NSW Premier Gladys Berejiklian has said local knowledge and issues would be taken into account on future decisions on water management.
In Deniliquin to meet with irrigation stakeholders yesterday, Ms Berejiklian said calls for local decision making to be given higher priority was taken on board.
She has vowed to consider local knowledge in her decision making, and said yesterday’s stakeholder meeting was only the start of consultation.
‘‘I don’t believe in one-off meetings,’’ Ms Berejiklian said yesterday.
‘‘I feel the communities in Murray are punching above their weight when it comes to making sure we are aware of the issues.
‘‘At Council of Australian Government meetings (on the Murray-Darling Basin Plan and other water management issues) we make decisions that can potentially impact the future on these communities and the agricultural industry, and we know we have to get it right.
‘‘The main issue raised (at the meeting) was to make sure every decision point we make considers the views in and around Deniliquin.
‘‘It was import that I heard, and continue to hear, what irrigators in and around Deniliquin feel.
‘‘Not everyone around the table had the same views, but it is important for us to appreciate the knowledge.’’
NSW Minister for Primary Industries and Minister for Regional Water Niall Blair was also at yesterday’s meeting, along with The Nationals’ candidate for Murray Austin Evans and former Member for Murray Adrian Piccoli.
They met with irrigator groups like Southern Riverina Irrigators, West Berriquin Irrigators, Murray Valley Private Diverters, Murray Irrigation Limited, Murrumbidgee Irrigation, Murray Darling Association, Edward River Council and Murray River Council.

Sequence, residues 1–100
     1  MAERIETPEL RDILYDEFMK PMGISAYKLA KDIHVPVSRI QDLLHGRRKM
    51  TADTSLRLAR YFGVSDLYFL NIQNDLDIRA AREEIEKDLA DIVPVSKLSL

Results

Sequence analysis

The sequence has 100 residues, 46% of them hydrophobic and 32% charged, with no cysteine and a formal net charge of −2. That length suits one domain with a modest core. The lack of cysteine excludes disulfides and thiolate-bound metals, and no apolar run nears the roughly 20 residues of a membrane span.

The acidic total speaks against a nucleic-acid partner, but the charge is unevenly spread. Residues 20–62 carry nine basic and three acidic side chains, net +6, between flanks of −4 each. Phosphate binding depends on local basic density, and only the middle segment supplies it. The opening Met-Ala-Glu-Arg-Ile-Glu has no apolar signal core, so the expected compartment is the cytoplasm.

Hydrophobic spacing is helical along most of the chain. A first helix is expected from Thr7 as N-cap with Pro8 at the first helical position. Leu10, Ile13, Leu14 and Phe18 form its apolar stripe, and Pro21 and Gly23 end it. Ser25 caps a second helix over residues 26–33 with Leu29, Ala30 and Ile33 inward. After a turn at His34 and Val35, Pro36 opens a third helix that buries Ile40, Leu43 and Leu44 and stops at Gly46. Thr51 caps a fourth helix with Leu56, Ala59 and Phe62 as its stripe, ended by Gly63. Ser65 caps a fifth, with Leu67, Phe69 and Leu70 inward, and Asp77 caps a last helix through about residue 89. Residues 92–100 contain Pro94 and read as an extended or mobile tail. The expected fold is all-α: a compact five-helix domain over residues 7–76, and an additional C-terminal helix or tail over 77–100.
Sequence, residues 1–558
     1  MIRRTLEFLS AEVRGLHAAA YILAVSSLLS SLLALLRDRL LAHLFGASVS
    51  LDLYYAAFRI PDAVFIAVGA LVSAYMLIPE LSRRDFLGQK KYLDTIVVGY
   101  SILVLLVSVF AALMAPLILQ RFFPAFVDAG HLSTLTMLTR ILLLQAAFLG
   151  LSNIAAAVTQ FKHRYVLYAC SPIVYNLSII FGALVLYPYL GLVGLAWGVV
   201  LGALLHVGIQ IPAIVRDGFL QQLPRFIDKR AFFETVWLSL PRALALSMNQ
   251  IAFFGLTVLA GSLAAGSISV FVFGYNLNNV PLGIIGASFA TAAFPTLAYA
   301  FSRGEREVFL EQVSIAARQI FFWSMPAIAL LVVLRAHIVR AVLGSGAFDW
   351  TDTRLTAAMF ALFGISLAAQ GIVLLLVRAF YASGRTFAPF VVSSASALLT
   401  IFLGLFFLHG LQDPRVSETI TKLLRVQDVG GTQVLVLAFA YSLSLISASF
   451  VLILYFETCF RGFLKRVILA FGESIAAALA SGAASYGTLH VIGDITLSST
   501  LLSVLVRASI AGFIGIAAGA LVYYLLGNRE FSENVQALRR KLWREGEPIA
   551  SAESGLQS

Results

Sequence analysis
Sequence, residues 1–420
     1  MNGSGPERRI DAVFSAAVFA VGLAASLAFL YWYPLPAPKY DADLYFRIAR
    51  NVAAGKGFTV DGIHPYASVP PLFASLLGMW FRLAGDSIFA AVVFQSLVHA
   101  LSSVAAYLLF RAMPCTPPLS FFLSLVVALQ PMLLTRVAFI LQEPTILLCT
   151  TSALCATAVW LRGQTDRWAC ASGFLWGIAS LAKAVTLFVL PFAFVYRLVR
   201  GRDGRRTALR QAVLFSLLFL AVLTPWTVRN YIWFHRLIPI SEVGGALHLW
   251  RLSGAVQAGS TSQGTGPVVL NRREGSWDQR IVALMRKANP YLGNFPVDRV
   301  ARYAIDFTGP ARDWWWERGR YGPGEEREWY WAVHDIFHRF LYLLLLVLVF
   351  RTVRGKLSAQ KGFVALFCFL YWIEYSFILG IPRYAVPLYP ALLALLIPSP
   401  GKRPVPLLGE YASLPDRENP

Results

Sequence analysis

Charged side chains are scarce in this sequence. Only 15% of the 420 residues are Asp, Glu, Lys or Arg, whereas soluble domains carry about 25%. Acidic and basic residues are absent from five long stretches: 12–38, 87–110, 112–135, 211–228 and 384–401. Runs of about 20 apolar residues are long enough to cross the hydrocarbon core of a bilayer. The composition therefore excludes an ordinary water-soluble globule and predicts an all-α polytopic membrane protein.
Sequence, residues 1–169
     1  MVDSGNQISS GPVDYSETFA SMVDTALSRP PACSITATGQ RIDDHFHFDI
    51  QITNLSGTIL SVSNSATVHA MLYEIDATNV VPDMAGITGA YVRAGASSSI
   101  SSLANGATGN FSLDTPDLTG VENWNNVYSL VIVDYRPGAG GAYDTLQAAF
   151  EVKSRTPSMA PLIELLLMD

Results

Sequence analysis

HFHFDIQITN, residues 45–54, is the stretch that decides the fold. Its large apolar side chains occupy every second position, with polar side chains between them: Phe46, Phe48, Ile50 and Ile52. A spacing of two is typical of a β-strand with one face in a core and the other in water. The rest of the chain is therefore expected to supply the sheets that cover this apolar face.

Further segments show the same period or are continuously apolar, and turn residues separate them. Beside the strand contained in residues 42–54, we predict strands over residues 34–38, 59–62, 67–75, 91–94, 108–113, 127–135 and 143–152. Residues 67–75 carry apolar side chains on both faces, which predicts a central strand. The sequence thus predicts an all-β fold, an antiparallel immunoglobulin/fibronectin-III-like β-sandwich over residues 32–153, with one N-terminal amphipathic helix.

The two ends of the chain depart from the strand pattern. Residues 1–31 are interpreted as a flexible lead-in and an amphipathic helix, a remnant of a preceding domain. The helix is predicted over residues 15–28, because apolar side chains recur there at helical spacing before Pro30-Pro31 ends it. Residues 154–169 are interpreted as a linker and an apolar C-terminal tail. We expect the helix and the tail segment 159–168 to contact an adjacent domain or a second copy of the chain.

SRI chairman Graeme Pyle said the meeting covered ‘‘every issue’’ in the Murray Valley region.
‘‘The Premier listened. She was very sympathetic and told us we have a hardworking water minister who has taken other people’s pain, and Minister Blair said he will conduct review of the Department of Primary Industries’ management.’’
Mr Pyle said local irrigators shared their ‘‘general contempt’’ for the Murray Darling Basin Authority’s inability to offer hope and trust in the Murray-Darling Basin Plan process.
He said the authority’s notion that an additional 450 gigalitres in environmental flows — on top of the controversial 2750GL to already be diverted from productive use to the environment — may pass to meet triple bottom line outcomes was ‘‘at odds with reality’’.
Mr Pyle said although a large number of people who attended the discussion were from outside the Murray Valley, he said he hopes the meeting will prompt the ministers to take long-awaited action for the local community.
‘‘They heard our concerns, now it’s up to the Premier and water minister to do something quickly given the devastating effects of the Murray-Darling Basin Plan on our region,’’ he said.
‘‘More water away from food production would be detrimental.
‘‘The Premier said everything will be done better and ‘we are going to achieve great things’, so I hope it’s time we see that happen.’’
At the time of going to print yesterday, Mrs Berejiklian was on her way to Finley.
She said she had intended to walk the streets and meet the people before flying back to Sydney from Albury airport.
‘‘It will be my first time to Finley; I have heard a lot of good things about the town,’’ she said..